Trump 2.0 Continues

    Seems that Trump's people have forgotten the tried and true rule when engaging in warfare. "Loose Lips Sink Ships" https://www.bbc.com/news/world-us-canada-46924493
  12. Trolling or just fishing? or did you forget this?
  13. Malcolm

    WestJet 787

    For those who want to see for themselves. https://www.facebook.com/westjet/videos/1124036111112477/ I do however love the sales pitch for Business where he says for a little bit more than Premium. Well here is an example of the "Little Bit More" But to be fair, here is what otheres are charging on the same day between YYC and LHR Air Canada British Airways So based on the fares, there is no doubt that WestJet will not have a problem selling their seats even when you add in the cost of getting from LGW to the city of London.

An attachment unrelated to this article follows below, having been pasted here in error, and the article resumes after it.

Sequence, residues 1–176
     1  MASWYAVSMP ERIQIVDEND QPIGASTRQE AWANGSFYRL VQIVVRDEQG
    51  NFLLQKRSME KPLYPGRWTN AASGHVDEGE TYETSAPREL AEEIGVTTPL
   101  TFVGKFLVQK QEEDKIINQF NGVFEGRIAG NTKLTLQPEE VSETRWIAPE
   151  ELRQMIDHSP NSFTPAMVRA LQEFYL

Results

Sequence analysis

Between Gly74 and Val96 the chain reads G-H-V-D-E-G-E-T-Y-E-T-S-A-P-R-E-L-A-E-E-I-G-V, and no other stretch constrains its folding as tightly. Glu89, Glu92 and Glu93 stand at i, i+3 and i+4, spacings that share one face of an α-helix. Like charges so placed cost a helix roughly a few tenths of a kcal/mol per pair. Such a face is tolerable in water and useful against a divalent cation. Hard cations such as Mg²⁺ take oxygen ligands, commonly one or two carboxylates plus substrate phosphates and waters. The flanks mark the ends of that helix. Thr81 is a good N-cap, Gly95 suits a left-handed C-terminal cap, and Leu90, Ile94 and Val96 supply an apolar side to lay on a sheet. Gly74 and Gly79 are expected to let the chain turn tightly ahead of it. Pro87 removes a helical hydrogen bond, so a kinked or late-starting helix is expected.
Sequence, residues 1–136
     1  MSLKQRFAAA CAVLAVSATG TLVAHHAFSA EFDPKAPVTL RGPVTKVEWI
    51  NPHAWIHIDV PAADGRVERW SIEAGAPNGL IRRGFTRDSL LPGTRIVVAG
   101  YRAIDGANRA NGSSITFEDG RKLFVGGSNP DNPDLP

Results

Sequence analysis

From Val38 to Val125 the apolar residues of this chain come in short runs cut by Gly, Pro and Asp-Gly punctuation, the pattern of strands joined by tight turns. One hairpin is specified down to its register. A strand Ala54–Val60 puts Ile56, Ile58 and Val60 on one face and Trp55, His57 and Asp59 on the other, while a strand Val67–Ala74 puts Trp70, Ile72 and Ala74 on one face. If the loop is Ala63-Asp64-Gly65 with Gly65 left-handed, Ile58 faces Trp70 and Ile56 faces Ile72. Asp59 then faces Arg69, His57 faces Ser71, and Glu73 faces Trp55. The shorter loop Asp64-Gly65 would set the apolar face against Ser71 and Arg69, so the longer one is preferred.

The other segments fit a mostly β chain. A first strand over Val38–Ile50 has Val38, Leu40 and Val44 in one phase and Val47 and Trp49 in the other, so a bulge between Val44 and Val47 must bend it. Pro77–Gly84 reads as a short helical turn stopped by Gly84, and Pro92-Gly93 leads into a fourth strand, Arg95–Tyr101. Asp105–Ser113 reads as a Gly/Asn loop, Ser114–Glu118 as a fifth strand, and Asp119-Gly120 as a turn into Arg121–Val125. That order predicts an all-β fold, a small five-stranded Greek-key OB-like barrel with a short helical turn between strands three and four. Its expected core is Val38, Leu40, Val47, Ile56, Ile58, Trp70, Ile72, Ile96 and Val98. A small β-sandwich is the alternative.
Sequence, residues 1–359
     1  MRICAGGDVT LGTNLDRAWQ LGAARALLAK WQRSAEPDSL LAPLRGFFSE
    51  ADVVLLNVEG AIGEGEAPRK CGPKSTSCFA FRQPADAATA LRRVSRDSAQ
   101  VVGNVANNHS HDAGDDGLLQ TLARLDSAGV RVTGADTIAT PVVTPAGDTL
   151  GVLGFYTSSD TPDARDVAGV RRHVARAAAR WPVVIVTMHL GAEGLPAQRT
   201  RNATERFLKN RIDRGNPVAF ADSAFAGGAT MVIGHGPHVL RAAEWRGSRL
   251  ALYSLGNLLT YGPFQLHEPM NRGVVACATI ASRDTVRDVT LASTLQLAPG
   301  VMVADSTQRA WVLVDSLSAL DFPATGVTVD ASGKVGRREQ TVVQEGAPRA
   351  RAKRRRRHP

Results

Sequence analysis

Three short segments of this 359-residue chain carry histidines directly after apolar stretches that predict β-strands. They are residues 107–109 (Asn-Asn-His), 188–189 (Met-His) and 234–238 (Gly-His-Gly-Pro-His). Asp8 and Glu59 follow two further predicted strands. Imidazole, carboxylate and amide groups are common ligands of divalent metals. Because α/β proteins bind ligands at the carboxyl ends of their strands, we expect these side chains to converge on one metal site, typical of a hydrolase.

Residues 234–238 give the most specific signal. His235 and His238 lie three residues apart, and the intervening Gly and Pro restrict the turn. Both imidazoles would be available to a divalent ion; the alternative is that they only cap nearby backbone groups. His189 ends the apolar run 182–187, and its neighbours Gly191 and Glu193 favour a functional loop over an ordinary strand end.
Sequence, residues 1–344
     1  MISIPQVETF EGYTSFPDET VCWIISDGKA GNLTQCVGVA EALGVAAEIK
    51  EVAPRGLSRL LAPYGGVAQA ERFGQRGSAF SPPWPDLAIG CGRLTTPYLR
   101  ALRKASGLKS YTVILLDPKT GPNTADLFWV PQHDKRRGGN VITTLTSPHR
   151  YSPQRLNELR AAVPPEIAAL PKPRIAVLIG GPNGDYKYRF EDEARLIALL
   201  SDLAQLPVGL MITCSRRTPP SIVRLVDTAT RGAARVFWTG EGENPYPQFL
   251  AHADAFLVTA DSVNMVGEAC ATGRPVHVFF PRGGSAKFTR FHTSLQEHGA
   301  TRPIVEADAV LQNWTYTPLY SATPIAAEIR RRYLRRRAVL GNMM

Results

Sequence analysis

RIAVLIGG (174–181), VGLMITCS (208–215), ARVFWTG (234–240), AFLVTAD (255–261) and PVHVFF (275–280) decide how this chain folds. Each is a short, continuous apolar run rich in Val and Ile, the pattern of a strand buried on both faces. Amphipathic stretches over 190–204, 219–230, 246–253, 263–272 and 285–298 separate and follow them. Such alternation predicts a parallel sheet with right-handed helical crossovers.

14. Malcolm

    WestJet 787

  15. Malcolm

    The F-35

    The point is, the US spends 1/2 as much on one ship as we spend on our entire military so perhaps it is time to understand our limitations and equip our military to look after the interests of Canada and stop pretending that we are a "World Power".
  16. And not so long ago it was AirCanada